But I voted anyway - for "other", in this case meaning Doug Moench and Paul Gulacy, which team produced two or three Batman miniseries in the 80s and/or 90s that I read years later and thought were very well done. Fantastically good art from Gulacy - so good I'm a little sad it was wasted on Batman, to be honest - and I think Moench's Batman took something from most of the versions that had come before - the detective, the creature of the night, Miller's "dark knight" - without taking any of that to the monotonous extremes seen in later versions.
*although, now I think of it, the character I liked best in that issue wasn't Batman but supporting character that for all I know was never heard of again. IIRC, he was a Mongolian secret agent or something like that; I think it was a Ras al Guhl story, and Batman was travelling in the Far East.
So I believe 8 or 9 of those "Other" votes are for Timm and Dini, making them in the lead right now. I really did not see that coming, though I completely understand it.
If you have voted "other," please do make sure you specify what, exactly, you are voting for in this thread. When the voting ends, I'll go back and comb through all the posts to figure out what "other" votes were for what.
I've read some golden and silver age Batman, but I haven't read enough to know for certain on them. Obviously they must have been doing something right to create and cultivate the popularity of a character for over 30 years when Neal Adams/O'Neil started doing new things back in the late 60s. I've read a real good portion of the Batman comics since the early 70s, so who I think is the best is based on that period. There has been a lot of good Batman comics in that period.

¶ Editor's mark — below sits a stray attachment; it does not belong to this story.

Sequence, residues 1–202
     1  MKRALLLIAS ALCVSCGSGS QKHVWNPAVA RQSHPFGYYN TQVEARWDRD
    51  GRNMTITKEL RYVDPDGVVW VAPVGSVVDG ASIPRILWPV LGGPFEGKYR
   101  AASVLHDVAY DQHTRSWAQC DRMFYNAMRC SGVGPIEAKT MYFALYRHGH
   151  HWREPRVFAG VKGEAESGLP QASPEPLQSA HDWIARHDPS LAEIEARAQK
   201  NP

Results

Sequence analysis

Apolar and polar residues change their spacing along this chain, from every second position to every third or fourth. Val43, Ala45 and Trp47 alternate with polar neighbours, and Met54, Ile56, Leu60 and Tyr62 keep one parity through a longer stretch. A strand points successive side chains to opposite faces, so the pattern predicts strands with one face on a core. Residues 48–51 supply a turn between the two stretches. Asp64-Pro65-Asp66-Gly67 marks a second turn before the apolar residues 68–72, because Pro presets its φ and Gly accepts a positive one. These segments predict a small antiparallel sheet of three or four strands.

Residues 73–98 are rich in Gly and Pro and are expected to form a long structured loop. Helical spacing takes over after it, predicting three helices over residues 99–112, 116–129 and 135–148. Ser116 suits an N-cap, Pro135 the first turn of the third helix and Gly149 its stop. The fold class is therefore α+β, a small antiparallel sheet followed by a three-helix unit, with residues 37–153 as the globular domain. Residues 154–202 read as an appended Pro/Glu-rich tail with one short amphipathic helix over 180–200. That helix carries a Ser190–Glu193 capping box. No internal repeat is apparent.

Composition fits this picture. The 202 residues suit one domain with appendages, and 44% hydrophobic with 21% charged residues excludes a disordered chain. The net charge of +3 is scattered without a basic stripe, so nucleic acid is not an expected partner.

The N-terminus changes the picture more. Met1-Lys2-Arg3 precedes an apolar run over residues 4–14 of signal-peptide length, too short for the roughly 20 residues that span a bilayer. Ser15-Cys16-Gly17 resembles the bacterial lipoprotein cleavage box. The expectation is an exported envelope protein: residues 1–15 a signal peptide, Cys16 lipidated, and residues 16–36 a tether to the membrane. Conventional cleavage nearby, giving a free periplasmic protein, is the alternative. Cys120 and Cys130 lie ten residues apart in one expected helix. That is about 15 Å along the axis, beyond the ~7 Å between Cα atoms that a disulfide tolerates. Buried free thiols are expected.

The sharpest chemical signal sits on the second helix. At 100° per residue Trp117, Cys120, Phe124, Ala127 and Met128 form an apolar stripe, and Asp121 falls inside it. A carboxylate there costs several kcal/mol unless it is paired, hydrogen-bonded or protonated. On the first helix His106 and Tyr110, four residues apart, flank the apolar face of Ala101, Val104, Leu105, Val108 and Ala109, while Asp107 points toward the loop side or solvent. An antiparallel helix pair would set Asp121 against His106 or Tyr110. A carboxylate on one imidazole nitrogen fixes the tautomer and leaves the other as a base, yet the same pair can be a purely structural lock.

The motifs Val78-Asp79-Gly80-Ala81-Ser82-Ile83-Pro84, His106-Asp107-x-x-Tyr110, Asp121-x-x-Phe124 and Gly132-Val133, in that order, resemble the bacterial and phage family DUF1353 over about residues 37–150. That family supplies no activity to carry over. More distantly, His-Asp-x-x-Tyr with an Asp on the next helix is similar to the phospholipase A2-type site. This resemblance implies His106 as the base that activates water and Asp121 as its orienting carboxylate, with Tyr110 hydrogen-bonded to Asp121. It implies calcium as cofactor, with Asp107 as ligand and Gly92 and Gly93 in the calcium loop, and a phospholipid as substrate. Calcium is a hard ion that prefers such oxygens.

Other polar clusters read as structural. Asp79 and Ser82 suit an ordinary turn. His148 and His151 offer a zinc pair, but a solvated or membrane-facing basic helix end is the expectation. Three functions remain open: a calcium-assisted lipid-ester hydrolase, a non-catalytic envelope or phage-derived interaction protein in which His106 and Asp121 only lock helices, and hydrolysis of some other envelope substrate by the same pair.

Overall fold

I think with the 70s/early 80s it's hard to pick a creative team, as it's a pretty big bench of guys that are doing the work. Often times the artists would only be doing some chapters of the story and would jump in writer and title quite a bit. This is especially so when you get into Doug Moench's run on Batman/Detective where the story line alternated on the title and with different artist on each chapter.
Well, the results are in. First off, while a lot of people spoke highly of Batman: The Animated Series in this thread, closer inspection reveals only three people actually stating they were voting for it. The remaining 8 "other" votes are made up of people who voted for other creative runs and people who never said what exactly they were voting for.
So, the final tally:
...Third place, with 3 votes, is a 3-way tie: Bruce Timm and Paul Dini (write-in), Miller and Mazzucchelli, and Wein, Conway, Moench, Colan, and Newton
...Second place, with 5 votes: Denny O'Neil and Neal Adams
...First place, with 7 votes: Steve Englehart and Marshall Rogers
Thanks to all who participated! I'm not surprised by our first and second placers, but I definitely found the third place tie to be unexpected. I figured Miller and Mazzucchelli would easily win out. It's a testament to the taste of this community that we saw so many different teams get written-in, and that nearly every team in the original poll received at least one vote as well.
We're one well-read group. Thanks for a fascinating experiment
Post by Paste Pot Paul on Nov 30, 2014 2:31:56 GMT -5
So wheres our Spider-Man, Superman, and Avengers poles ?
It was the year of fire… the year of destruction… the year we took back what was ours. It was the year of rebirth… the year of great sadness… the year of pain… and the year of joy. It was a new age. It was the end of history. It was the year everything changed.